In a past life, I worked at Dow Jones - specifically between 1990 and 1995 at the DJ Newswire and the DJ Multimedia Division, the company's first step into the world of interactive television. Though I was already in my upper 20s when I got the gig, this was my first serious job and I loved it. I loved business news. I loved the history and professional work standards of the place. I loved being able to get CEOs from all over the world to take my call. After leaving, I missed it for years, though I rarely admitted that to anyone.
In the past few weeks, I've been saddened watching Dow Jones fall victim to Rupert Murdoch's roving bank account. I've mixed feelings about Murdoch himself (his money does fund The Simpson's), but the main source of my discontent is that I'm no fan of media consolidation on that level. Murdoch owns enough. I think it's good for all involved when more (and different) kinds of people own media outlets. An independent Dow Jones is a good thing, even if I hate what they print.
But anyone who worked at DJ in the past 25 years had to see this coming. The one overwhelming sense I had at DJ, was that the people in charge were sitting on incredible assets and had no idea what to do with them. Over and over, huge, silly deals were implemented which resulted in nothing but lost dollars and vast employee dissatisfaction. A reason for this was explained to me by one senior editor who was closing in on retirement. He said DJ had no system for training management. The people who rose to the top were usually mediocre journalists who stayed around the longest. The star writers and editors typically left after a few years for better pay. The worst people didn't get hired (those three day try-outs weeded out the losers). And thus, DJ floated along on the efforts of the middling drones who rose to the top, none of whom were particularly creative or visionary - two rather essential skills for media empires during the past two decades.
A few examples of poor management that I saw - during my first months on the job, I watched management buyout/fire all the most senior guys on the newswire. These were the blue collar editors who had been around for 30+ years. One guy wrote the headlines for the Kennedy assassination. About 150 years years of accumulated knowledge was pushed out the door because this huge organization couldn't find out a way to utilize their skills. Training? Education? Outreach? Nope. Get rid of 'em. After that, it seemed quality of content became less and less of a concern, trumped instead by speed and quantity of output.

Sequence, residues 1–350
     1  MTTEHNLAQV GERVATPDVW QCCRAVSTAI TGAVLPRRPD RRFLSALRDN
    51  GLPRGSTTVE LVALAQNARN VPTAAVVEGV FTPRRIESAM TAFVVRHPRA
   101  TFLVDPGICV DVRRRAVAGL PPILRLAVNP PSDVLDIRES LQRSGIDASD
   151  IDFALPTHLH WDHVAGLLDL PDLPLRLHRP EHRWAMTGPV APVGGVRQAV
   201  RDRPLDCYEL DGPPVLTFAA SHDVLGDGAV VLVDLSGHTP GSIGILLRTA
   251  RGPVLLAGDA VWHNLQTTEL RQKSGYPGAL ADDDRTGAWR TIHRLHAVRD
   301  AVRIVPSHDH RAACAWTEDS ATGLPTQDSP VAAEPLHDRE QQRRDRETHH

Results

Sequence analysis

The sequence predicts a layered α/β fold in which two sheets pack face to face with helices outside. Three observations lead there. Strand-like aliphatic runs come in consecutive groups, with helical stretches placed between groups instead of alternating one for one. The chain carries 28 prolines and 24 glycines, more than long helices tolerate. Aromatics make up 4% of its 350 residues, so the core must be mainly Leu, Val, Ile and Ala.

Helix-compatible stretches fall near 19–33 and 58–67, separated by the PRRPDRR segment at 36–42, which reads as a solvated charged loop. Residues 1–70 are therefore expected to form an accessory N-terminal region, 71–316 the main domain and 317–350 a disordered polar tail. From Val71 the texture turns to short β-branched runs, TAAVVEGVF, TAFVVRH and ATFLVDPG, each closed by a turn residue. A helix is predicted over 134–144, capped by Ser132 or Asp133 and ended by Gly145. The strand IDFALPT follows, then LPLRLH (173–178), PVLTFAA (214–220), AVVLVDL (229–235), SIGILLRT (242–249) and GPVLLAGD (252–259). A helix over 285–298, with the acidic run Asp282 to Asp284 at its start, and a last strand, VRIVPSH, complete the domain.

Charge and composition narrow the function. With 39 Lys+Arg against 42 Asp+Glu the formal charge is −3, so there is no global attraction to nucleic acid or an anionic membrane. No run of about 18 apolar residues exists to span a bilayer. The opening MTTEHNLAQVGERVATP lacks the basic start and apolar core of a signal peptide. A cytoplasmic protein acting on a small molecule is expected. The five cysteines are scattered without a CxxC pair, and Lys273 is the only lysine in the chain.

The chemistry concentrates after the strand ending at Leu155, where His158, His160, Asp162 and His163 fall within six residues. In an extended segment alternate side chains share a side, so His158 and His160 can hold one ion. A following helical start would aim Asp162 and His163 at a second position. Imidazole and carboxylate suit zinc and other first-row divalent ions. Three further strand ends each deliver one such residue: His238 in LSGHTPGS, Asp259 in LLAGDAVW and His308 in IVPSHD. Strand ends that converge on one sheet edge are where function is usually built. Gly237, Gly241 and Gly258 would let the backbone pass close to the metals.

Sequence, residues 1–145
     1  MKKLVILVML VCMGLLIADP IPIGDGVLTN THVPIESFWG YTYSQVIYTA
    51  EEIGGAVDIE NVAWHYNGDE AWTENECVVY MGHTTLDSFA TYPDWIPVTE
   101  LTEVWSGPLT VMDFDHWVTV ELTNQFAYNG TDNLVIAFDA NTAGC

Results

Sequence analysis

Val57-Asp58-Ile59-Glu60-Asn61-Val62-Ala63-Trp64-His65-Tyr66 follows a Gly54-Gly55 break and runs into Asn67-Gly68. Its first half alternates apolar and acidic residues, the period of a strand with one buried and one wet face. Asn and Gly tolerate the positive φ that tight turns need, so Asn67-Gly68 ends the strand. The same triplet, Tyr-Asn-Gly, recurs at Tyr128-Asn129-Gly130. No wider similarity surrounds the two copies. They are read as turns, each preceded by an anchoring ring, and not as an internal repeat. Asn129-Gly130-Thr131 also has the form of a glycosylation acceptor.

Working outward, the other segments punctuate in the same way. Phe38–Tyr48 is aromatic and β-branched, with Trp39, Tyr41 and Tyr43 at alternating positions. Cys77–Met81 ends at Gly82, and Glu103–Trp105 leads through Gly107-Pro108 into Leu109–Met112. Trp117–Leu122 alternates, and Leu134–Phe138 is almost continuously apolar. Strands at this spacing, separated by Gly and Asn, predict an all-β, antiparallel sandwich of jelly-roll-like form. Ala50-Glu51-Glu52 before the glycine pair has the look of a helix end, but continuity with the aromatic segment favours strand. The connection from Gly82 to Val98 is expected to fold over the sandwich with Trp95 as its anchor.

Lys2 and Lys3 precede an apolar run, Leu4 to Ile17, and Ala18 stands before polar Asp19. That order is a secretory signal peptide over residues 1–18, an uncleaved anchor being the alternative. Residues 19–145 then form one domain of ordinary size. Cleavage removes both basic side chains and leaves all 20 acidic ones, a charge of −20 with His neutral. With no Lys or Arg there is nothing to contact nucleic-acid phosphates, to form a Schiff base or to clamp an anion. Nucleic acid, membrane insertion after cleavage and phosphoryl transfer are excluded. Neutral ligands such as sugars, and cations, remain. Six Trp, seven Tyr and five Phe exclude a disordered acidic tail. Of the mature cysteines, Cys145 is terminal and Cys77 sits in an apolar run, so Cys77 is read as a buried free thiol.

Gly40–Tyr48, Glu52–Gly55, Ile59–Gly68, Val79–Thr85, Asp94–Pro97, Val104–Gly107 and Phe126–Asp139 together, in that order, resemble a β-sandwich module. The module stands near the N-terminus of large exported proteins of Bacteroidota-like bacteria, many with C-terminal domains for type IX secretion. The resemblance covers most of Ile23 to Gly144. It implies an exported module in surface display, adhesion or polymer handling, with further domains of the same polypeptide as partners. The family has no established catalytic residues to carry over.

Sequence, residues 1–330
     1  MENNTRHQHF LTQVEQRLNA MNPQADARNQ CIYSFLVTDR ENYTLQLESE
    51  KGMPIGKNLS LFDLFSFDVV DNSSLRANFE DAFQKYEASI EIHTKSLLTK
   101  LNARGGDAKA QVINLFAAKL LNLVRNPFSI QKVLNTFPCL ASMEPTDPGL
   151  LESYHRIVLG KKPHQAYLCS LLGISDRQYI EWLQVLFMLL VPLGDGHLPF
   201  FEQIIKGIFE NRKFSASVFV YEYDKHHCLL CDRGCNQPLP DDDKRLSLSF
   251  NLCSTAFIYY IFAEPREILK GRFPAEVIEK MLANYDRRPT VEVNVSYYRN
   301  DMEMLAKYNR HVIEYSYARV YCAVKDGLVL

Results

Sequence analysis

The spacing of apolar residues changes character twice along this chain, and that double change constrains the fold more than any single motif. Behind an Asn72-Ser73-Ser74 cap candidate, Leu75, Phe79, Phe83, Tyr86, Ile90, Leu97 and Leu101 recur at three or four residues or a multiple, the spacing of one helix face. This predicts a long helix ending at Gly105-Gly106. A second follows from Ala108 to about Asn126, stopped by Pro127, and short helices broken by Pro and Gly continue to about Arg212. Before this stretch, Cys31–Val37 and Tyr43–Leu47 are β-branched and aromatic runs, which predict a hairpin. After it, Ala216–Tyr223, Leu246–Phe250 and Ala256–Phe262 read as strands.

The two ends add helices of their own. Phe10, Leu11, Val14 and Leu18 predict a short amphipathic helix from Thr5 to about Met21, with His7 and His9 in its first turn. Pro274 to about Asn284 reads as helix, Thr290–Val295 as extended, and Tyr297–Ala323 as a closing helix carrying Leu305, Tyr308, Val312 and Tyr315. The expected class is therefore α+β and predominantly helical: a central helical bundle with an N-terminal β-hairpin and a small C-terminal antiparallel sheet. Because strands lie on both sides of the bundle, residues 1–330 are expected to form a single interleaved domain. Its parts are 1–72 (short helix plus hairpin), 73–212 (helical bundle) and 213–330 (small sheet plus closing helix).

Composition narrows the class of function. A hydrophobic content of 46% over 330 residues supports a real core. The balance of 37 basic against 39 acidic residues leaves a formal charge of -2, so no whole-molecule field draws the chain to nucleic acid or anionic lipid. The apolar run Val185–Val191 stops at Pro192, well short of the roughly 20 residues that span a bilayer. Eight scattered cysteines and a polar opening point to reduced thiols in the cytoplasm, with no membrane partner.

Another point - nobody shared information, the newspaper people in particular. They were writing for a paper published tomorrow, so they had no interest in breaking their stories with newswire or TV people working on deadlines in the next hour. The result was up to five or six writers from DJ would have to call a source for every story - one from the paper, the newswire, the radio station, the TV station, the local news desk, etc. We looked like idiots by the time the executive picked up the phone to answer the same question from writer #5. Every time DJ started a new division (like the Investor Network), it had to hire another group of writers and editors because we could never get content (or cooperation) from other divisions.
And then there was the brilliant decision of creating a closed circuit TV-on-demand network for less than 100 clients which required running our own cable and satellite dishes around Wall Street and the country. All this just a few years before the internet would render such a stand-alone system pointless. Ooops.
Working at DJ could be like living in the Balkans. Everybody looked out for themselves and the management never tried to break down walls. Instead, they'd create another tribe with more walls, give them a bit of desk space and budget and hoped they helped solve the problem. They didn't.
I bring this up because I just read the letter written by Crawford Hill, one of the Bancroft kids and published in the WSJ Online. The Bancroft family controls the lion's share of DJ stock and it's up to them to okay the Murdoch deal. In his 4,000-word letter - filled with more than a few WASPy, rich kid memories - Crawford points out that the management problem of Dow Jones went right up through the family ownership. He says: "We never really figured out how to be owners when we needed to most... As my brother Tom has pointed out, it was a special challenge to be owners of this company because of the added "disconnect" of the fact that the real "owners" were really the various trusts. By extension that really meant that the professional trustees were in essence the owners and they were certainly never trained in that capacity."
Crawford's POV is - our family blew it years ago by ignoring the responsibilities for owning such a company so let's take the money and run because it'll make shareholders happy and get us off the hook. It's honest, but sad. I suppose hiring a team of professional, creative managers never crossed their minds...and that's what they were supposed to be doing all along! Well, I suppose Dow Jones will now get what it deserves. When you preach free markets, don't be surprised when you get bought and sold.